Exceptions

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Dan Sugalski

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Aug 5, 2002, 1:36:49 PM8/5/02
to perl6-i...@perl.org
Okay, it's time for exceptions. So, the proposed ops:


pushx LABEL : Push an exception handler on the stack

throw PMC : Throw an exception object

When an exception is thrown, it pops elements off the control stack
until it gets to an exception handler. (Pops are error pops)
Exception handlers get called with the PMC as the only parameter. If
they don't like the exception they can rethrow it.

This doesn't define exception objects. I'm of two minds on that, so
I'll wait a sec and think on it a little bit.
--
Dan

--------------------------------------"it's like this"-------------------
Dan Sugalski even samurai
d...@sidhe.org have teddy bears and even
teddy bears get drunk

Florian Weimer

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Aug 5, 2002, 2:40:16 PM8/5/02
to Dan Sugalski, perl6-i...@perl.org
Dan Sugalski <d...@sidhe.org> writes:

> Okay, it's time for exceptions. So, the proposed ops:

> pushx LABEL : Push an exception handler on the stack
>
> throw PMC : Throw an exception object
>
> When an exception is thrown, it pops elements off the control stack
> until it gets to an exception handler. (Pops are error pops)

Why pop the handler elements? Sometimes, it could make sense to
handle the exception in the raising context.

Dan Sugalski

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Aug 5, 2002, 2:48:28 PM8/5/02
to Florian Weimer, perl6-i...@perl.org

Handling exceptions in-place is somewhat problematic, which is why
we're not going to do it at the moment. We could, though, if we need
to, by overriding the master exception handling stuff. (We'll need to
do that at the lowest level to allow catching of interpreter
exceptions from within opcode functions, but...)

We can see about a master exception override handler--the
architecture should support that easily enough.

Simon Glover

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Aug 5, 2002, 2:50:36 PM8/5/02
to Dan Sugalski, perl6-i...@perl.org

On Mon, 5 Aug 2002, Dan Sugalski wrote:

> pushx LABEL : Push an exception handler on the stack
>
> throw PMC : Throw an exception object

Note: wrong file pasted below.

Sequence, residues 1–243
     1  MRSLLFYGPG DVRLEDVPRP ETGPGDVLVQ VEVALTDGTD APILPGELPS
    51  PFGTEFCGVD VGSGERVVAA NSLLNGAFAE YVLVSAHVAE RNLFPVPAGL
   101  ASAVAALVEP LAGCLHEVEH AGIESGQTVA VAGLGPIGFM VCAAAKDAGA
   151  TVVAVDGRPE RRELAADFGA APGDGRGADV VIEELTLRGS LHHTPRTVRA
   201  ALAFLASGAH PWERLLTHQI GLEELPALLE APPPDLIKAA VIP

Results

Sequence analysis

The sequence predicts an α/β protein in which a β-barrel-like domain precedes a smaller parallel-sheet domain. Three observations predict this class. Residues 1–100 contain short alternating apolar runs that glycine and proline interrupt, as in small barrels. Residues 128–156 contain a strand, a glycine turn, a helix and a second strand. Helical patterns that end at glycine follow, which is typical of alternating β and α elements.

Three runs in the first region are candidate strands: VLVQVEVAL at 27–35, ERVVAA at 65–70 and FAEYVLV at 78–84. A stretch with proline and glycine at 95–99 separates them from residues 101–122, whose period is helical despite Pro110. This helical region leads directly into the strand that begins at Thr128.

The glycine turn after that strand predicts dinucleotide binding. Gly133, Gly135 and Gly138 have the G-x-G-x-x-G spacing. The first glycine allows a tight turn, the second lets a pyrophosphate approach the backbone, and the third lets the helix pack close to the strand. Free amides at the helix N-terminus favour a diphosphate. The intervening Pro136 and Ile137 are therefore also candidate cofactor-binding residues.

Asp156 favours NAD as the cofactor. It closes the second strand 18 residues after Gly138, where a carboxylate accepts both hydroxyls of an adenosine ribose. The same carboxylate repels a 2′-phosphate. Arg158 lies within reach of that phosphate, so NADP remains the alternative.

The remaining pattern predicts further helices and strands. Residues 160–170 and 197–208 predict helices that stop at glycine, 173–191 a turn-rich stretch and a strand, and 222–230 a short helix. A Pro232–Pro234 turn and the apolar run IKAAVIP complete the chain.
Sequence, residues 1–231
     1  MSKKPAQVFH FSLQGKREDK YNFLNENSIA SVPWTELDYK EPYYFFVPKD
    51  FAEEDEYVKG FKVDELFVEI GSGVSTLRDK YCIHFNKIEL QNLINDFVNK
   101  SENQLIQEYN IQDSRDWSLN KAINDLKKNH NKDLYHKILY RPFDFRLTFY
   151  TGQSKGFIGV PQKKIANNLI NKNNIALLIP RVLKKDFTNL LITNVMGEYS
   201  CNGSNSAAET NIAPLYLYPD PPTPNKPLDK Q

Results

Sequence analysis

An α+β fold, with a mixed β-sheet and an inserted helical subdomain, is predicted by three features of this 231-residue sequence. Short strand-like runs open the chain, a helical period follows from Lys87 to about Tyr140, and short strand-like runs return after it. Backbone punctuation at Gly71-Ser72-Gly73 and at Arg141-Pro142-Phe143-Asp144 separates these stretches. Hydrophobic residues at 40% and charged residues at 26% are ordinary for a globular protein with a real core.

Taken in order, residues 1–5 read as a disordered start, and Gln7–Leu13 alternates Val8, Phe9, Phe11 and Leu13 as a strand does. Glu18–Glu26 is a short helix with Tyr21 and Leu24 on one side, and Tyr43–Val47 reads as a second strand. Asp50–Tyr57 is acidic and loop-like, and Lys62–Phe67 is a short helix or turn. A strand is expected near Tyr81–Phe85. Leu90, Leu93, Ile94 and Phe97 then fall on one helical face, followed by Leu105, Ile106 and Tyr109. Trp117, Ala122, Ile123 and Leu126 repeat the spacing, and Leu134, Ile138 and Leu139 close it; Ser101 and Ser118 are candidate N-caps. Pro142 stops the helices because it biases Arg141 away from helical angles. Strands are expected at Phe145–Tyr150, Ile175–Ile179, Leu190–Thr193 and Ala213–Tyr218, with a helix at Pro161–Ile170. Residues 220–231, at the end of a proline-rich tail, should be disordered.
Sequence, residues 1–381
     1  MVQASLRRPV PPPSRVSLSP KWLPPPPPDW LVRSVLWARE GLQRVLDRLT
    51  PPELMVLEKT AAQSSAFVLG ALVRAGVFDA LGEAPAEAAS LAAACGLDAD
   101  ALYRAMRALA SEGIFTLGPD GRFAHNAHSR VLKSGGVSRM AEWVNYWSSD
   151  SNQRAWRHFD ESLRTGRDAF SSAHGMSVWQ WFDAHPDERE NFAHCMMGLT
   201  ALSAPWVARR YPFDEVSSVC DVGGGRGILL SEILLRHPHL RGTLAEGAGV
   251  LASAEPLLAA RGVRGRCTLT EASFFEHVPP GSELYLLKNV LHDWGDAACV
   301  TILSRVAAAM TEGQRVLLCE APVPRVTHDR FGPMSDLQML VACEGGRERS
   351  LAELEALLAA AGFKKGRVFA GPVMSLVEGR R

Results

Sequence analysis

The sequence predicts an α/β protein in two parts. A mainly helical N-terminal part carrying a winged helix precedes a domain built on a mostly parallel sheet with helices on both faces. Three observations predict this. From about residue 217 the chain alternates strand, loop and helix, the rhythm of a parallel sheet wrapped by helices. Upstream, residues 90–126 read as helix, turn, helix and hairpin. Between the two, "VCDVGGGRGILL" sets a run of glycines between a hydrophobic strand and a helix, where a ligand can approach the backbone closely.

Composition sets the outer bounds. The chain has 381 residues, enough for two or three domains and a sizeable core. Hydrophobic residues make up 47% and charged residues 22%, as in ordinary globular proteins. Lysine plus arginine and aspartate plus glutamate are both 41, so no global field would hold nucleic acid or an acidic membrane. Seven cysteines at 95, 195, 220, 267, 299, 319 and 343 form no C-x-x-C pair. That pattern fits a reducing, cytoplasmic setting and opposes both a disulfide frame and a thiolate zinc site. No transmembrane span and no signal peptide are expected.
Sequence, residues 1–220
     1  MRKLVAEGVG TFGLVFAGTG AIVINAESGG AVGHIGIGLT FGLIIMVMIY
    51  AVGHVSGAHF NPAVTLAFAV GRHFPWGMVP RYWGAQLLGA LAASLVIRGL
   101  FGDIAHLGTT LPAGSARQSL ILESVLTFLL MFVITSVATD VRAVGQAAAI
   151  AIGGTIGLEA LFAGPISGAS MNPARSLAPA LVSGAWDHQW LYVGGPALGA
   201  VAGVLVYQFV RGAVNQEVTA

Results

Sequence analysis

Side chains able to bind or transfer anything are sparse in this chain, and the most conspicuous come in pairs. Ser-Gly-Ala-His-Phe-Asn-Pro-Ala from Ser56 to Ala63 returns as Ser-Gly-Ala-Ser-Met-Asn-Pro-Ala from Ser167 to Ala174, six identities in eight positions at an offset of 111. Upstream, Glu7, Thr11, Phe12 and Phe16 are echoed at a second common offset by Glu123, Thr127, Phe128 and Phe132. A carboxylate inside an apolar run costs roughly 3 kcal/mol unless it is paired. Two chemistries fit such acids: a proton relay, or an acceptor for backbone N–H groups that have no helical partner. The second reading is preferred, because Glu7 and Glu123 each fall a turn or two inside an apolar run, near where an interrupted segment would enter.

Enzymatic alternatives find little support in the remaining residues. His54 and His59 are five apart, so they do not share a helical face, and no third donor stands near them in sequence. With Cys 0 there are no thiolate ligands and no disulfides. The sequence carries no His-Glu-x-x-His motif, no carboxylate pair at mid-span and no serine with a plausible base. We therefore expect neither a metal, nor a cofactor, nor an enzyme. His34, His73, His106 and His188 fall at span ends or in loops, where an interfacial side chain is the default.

>
> When an exception is thrown, it pops elements off the control stack
> until it gets to an exception handler. (Pops are error pops)
> Exception handlers get called with the PMC as the only parameter. If
> they don't like the exception they can rethrow it.

What happens if the program hasn't defined any exception handlers?
Do we push a default handler onto the stack at interpreter start-up
time, or is there some other fall-back mechanism?

Simon

Jerome Vouillon

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Aug 5, 2002, 2:49:17 PM8/5/02
to Dan Sugalski, perl6-i...@perl.org

On Mon, Aug 05, 2002 at 01:36:49PM -0400, Dan Sugalski wrote:
> Okay, it's time for exceptions. So, the proposed ops:
>
> pushx LABEL : Push an exception handler on the stack
>
> throw PMC : Throw an exception object
>
> When an exception is thrown, it pops elements off the control stack
> until it gets to an exception handler. (Pops are error pops)

You don't really need a pushx opcode. If the "die" is in the scope of
a "catch", then you can directy jump to the handler. Otherwise, you
unwind the stack until you arrive in the scope of a "catch". In order
to know whether this is the case, you simply build a table at compile
time which associate to each possible return address a corresponding
handler (if any). The advantage is that the cost of "catch" is null
when no exception is raised. As a subroutine block is implicitely a
"catch" (it catches return exceptions), this may be interesting.

-- Jerome

Tanton Gibbs

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Aug 5, 2002, 3:03:21 PM8/5/02
to Dan Sugalski, Jerome Vouillon, perl6-i...@perl.org